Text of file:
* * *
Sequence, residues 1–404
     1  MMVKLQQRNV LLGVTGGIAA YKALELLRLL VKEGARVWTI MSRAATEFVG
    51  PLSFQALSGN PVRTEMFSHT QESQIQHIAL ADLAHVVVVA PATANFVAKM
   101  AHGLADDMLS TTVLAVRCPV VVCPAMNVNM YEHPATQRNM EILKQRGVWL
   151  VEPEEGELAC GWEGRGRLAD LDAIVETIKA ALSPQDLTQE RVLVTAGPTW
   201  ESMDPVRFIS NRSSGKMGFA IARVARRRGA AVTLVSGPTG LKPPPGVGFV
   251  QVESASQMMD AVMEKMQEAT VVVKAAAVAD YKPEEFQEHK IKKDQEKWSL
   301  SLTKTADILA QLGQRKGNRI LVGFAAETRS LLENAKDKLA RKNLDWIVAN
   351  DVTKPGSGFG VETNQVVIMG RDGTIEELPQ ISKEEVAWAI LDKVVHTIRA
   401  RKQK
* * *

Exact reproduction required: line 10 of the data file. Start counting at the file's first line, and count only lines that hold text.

   401  RKQK